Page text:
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Dentaljuce Shorts: 500 words, 10 MCQs, on general medicine and surgery.

Benign Prostatic Hyperplasia

Benign Prostatic Hyperplasia (BPH), also known as prostate enlargement, is a noncancerous increase in the size of the prostate gland. It is predominantly seen in males over the age of 40. The condition can lead to symptoms such as frequent urination, difficulty starting urination, weak urine stream, inability to urinate, and loss of bladder control. Complications may include urinary tract infections, bladder stones, and chronic kidney problems.

Diagram of a normal prostate (left) and benign prostatic hyperplasia (right)
Diagram of a normal prostate (left) and benign prostatic hyperplasia (right)

Signs and Symptoms

BPH is the most common cause of lower urinary tract symptoms (LUTS), categorised into storage, voiding, and post-urination symptoms. Storage symptoms include frequent urination, nocturia (waking at night to urinate), urgency, and urge incontinence. Voiding symptoms encompass urinary hesitancy, intermittency, weak stream, straining to void, and a sensation of incomplete emptying. Post-urination symptoms may involve bladder pain or dysuria.

Lower urinary tract symptoms of BPH
Lower urinary tract symptoms of BPH


The exact cause of BPH remains unclear, but it is thought to involve hormonal changes, particularly involving androgens such as testosterone and dihydrotestosterone (DHT). Androgens are essential for BPH development but do not directly cause it. Castrated males do not develop BPH, highlighting the role of androgens. DHT, a potent androgen, promotes prostate cell growth, and its inhibition through medications like finasteride can reduce prostate size.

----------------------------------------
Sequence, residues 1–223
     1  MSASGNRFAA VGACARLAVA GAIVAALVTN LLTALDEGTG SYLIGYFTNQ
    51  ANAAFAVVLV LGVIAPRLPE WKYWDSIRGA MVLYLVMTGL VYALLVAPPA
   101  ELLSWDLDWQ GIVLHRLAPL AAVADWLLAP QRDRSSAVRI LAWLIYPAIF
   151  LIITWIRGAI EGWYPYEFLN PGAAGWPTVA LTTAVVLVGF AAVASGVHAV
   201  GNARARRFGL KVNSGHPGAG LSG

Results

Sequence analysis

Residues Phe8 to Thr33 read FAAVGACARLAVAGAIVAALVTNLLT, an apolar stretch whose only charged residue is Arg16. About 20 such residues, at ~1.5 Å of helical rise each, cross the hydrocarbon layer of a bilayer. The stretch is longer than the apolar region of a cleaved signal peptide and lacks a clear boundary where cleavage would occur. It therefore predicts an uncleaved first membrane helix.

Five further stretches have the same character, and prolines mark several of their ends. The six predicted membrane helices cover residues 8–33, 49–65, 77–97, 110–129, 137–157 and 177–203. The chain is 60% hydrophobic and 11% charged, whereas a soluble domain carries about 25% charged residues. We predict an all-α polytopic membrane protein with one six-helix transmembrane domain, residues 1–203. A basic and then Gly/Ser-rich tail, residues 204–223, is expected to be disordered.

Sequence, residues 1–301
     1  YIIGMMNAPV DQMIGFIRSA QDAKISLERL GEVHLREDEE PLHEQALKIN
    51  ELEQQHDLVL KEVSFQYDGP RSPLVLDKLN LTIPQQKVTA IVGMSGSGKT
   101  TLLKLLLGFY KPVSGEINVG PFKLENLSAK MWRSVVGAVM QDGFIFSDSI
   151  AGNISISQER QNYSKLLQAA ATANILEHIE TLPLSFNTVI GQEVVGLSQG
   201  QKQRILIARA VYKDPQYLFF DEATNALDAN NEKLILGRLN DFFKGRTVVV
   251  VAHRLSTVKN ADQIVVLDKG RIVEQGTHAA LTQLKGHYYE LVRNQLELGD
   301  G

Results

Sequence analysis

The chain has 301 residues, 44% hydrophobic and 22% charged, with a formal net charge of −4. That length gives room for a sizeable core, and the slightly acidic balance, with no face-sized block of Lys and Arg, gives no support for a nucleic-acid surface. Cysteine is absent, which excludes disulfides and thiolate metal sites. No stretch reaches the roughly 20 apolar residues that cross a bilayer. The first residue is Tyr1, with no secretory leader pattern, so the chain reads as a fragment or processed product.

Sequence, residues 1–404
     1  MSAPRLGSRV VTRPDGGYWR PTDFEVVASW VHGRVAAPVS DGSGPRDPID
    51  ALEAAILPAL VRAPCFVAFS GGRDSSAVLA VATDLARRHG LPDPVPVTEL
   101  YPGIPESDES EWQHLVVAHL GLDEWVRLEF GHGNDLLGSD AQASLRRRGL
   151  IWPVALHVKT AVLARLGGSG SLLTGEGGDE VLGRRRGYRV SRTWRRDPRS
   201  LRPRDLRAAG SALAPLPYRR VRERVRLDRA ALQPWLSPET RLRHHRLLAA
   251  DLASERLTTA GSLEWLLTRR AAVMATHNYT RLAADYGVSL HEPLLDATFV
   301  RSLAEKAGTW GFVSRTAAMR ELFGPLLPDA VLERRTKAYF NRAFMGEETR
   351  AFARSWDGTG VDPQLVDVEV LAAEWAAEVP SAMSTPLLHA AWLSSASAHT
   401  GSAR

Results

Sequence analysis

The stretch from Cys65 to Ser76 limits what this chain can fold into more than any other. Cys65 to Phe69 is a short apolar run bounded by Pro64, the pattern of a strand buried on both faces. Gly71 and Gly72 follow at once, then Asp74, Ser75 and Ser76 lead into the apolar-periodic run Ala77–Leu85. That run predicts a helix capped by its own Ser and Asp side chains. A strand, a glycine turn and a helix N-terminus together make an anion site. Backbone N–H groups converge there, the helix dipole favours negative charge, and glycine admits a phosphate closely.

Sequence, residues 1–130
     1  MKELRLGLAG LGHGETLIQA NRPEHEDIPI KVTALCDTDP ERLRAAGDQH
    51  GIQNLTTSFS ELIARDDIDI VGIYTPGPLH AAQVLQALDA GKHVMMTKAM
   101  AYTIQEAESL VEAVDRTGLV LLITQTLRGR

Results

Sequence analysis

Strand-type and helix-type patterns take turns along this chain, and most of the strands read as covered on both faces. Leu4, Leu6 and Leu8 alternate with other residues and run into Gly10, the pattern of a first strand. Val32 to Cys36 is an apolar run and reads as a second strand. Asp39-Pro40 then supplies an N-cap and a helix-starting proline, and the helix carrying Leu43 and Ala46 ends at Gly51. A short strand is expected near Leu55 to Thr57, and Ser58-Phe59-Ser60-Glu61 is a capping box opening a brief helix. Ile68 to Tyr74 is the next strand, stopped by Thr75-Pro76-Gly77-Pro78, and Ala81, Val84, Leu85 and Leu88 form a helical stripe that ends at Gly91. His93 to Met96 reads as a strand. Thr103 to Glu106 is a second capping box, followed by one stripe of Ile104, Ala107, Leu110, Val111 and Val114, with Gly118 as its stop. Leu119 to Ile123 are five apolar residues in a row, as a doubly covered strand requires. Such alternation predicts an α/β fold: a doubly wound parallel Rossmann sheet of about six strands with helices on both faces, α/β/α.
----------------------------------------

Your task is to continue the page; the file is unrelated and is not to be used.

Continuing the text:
Diet and lifestyle factors may also influence BPH development. Studies suggest a possible link between high animal protein intake and BPH, while other research indicates a correlation with metabolic syndrome.


BPH involves hyperplasia of both glandular epithelial and stromal cells, with stromal hyperplasia being more predominant. Anatomically, the median and lateral lobes of the prostate are usually enlarged. Growth primarily occurs in the transition zone of the prostate, with rare instances of exceptional enlargement termed giant prostatic hyperplasia.

Benign prostate hyperplasia
Benign prostate hyperplasia


Diagnosis is based on a history of LUTS, digital rectal examination, and exclusion of other conditions with similar symptoms. Validated questionnaires like the International Prostate Symptom Score (I-PSS) aid in diagnosis. Laboratory investigations, including urinalysis and blood tests for kidney function and prostate-specific antigen (PSA), are commonly performed.

Imaging techniques such as abdominal ultrasound and transrectal ultrasonography (TRUS) help evaluate prostate size and rule out other conditions. Uroflowmetry measures urine flow rate and total volume, while post-void residual volume assessment can indicate significant obstruction.